Non-tech fix

Basically, you may just want to use all sorts of gimmicks and visual effects on your homepage and place links to external pages that contain your actual content which you want to be indexed by search engines. That’s a non-tech workaround, but it works just fine if you can move your important stuff to external files. So, it’s a no-brainer in fact. Now let’s take a looksie at a few techie solutions.

PHP Fix

There’s another way to make your site more SEO friendly, but you need to make sure that you’re comfortable with PHP. I’m not going to go into details now, but the general idea is to create a few PHP files that contain content for different pages, such as ‘about-us.php, ‘contact.php’,etc. That done, turn your homempage HTML file into a PHP one. So, your new homepage should be entitled ‘index.php’. Now you can just load the content of your external PHP file into your homepage file (index.php). One of the PHP methods that you can use is as follows:

$stream = fopen(“file.php”,”r”);

$string = stream_get_contents($stream);

fclose($stream);

You need to place this chunk of code to the spot where you’d like to load the content of your external file to and replace ‘file.php’ with your actual file name, such as about-us.php, contact.php, etc. Now you can use a headline (h1), meta title, and meta description in each .PHP file. Search engines index PHP files just fine nowadays.

jQuery Fix

In case you want to use a client side solution, you can load an external HTML file with the help of jQuery. For starters, connect to jQuery with this line of code:

// CDATA[
src="
// ]]>https://ajax.googleapis.com/ajax/libs/jquery/1.7.1/jquery.min.js“></script>

Now just create a paragraph and assign the ‘result’ id to it (<p id=”result”></p>) now inert this chunk of code where exactly you want to display the loaded HTML content:

$(‘#result’).load(‘about.html’, function() {

//alert(‘Load was performed.’);

});

Basically, the code will insert the content of your about.html file between your paragraph tags <p id=”result”></p>.

Just like with the PHP method, now you have seperate files for different content of your site. You need to load content for different sections of your one-page site as described above. The cool thing is that visually you’ll have the same parallax site, but this time around the SEO aspect is fixed.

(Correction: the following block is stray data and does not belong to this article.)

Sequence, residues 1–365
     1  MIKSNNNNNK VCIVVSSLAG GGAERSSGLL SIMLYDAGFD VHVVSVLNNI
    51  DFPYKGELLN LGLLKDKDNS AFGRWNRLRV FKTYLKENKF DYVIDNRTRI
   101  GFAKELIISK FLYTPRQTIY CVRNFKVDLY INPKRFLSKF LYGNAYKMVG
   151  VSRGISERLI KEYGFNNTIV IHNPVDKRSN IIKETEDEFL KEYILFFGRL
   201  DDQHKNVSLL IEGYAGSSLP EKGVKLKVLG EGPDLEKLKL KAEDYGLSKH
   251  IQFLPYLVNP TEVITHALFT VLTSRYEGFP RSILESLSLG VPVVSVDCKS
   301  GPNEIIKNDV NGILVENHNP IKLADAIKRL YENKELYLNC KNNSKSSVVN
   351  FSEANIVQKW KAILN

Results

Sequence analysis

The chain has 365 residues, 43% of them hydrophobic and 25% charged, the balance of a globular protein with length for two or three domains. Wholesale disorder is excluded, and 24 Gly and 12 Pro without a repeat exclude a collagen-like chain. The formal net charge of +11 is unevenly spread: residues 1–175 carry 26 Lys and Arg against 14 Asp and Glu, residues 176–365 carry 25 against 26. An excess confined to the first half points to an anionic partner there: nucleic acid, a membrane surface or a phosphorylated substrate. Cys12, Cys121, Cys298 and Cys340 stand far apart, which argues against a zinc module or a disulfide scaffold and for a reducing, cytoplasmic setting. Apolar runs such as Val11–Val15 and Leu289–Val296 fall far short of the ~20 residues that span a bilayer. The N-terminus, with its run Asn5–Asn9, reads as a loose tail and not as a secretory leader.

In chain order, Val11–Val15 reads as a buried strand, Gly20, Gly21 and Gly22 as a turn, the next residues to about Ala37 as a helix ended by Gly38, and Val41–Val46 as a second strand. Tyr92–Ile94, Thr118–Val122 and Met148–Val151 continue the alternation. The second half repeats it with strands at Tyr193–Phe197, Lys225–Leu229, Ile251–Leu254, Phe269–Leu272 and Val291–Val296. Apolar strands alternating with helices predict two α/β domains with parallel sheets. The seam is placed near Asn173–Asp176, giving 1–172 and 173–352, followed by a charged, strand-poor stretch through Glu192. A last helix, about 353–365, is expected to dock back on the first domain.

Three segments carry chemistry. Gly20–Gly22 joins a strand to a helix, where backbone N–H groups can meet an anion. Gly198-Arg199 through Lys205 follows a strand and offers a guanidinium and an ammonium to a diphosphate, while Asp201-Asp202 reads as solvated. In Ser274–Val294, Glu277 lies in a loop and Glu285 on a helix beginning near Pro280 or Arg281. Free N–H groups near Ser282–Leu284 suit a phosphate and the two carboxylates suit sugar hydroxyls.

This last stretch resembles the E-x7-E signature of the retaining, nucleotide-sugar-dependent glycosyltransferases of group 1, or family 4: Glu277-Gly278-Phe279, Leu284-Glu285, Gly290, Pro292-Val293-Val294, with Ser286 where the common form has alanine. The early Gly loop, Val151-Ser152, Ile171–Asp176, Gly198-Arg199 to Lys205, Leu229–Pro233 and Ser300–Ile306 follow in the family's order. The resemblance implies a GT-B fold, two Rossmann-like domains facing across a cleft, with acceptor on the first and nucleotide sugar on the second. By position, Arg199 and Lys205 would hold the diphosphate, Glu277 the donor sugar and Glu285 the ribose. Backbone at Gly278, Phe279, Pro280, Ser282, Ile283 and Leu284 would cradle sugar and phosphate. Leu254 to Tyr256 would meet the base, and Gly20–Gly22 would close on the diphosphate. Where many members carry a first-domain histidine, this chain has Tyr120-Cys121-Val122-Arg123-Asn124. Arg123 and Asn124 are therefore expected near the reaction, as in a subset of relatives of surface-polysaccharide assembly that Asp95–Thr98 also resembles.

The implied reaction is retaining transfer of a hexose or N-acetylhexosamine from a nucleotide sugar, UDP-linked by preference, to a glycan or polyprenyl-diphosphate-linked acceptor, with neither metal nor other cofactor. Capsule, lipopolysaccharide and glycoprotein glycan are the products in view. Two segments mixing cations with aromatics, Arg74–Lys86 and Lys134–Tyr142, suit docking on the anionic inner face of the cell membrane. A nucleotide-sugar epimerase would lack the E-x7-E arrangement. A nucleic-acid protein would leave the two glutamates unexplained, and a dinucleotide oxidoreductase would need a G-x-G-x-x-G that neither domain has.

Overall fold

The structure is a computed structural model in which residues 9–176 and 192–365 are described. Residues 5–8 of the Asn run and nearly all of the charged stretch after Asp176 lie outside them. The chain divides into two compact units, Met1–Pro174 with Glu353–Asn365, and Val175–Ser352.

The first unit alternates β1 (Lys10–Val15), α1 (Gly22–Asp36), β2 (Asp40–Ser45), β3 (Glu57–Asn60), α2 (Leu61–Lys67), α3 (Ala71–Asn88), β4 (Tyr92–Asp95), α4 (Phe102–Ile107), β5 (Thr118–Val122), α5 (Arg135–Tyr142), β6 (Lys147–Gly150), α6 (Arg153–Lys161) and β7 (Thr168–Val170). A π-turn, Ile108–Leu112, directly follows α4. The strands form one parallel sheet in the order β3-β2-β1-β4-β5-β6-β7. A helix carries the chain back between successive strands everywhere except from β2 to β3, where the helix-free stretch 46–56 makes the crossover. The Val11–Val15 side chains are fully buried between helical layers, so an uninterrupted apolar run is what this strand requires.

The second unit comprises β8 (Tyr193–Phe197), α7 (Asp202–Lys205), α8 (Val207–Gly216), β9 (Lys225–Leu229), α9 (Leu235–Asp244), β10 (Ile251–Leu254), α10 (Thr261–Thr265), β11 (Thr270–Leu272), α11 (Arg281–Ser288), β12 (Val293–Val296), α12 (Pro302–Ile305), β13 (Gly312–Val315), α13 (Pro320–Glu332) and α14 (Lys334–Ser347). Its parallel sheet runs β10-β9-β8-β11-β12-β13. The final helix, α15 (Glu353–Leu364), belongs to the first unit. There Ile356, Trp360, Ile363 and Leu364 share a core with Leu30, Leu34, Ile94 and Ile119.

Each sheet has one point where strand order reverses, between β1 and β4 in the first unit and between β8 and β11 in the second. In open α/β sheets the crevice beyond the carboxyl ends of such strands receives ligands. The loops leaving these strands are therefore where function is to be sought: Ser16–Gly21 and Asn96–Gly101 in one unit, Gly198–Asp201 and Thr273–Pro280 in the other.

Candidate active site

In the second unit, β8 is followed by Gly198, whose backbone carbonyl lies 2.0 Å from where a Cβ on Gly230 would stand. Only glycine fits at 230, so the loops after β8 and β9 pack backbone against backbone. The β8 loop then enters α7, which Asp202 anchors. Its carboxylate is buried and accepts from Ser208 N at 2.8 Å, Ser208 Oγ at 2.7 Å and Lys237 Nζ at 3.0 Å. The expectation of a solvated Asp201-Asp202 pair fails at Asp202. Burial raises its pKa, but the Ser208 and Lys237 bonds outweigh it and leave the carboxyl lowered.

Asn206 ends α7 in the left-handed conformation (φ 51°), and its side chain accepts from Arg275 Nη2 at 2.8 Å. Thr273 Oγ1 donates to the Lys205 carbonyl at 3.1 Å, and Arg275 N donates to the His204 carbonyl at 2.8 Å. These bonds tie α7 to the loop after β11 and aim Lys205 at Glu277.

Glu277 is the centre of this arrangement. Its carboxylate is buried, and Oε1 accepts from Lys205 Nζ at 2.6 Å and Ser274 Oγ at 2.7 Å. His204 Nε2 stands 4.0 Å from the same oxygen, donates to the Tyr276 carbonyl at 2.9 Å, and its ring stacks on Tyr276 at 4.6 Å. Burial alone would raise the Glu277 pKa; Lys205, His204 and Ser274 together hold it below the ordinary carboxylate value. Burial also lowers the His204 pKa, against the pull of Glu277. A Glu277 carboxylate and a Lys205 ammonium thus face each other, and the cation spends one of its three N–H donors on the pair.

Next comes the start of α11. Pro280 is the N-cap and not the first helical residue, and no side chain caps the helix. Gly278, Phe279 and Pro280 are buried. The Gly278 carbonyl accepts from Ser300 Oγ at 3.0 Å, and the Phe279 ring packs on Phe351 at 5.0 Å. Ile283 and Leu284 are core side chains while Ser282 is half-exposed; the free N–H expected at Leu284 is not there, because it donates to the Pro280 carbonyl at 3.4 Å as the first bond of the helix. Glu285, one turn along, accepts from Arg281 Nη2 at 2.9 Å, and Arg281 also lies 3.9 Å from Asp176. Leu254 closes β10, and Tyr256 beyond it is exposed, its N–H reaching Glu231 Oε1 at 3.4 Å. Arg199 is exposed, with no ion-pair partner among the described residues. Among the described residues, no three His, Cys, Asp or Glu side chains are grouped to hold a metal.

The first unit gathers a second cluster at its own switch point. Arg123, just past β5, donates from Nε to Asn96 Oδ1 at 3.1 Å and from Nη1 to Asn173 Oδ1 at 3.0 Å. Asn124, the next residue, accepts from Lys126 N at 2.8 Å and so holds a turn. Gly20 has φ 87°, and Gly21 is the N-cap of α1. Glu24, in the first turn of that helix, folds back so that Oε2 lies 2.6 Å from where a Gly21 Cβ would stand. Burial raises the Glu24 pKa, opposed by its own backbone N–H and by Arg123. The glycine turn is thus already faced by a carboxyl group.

Conclusion

The parallax effect is a very popular trend now, but you can land in hot water if you implement it improperly. Again, the effect itself is OK and it’s worth it if you’re sure that you have a creative design idea for your particular audience. The source of the parallax scrolling effect problem is the fact that it’s usually designed as one file. That’s not good for your SEO. You can effectively  fix the issue either with the help of PHP or jQuery.

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 Does Parallax Hurt Your SEO?

Kenneth Rauch

Ken is a SEO expert who's extremely keen on web development. You can find him on Webdesy.com.

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5 Comments

  1. Mr. Fahrenheit says:

    About using multiple “H1″, wasn’t supposed that “article” and “section” tags were created for?

    I mean, It is supposed that you can use a H1 tag in every Article and Section, isn’t it?

  2. You can use one H1 tag per page. There’s no evidence that using HTML5 somehow influenced your site’s SEO.

  3. If you run your site with any SEO tool, it’ll highlight using multiple H1 tags as errors. :) They can’t all be wrong, can they? :)

  4. Matt says:

    H1 tags – “You can have it multiple times” – Matt Cutts

    src – http://www.youtube.com/watch?v=GIn5qJKU8VM

  5. Amit says:

    That’s a nice article.

    Just one doubt: instead of fopen+stream_get_contents, isn’t it simpler to use include()?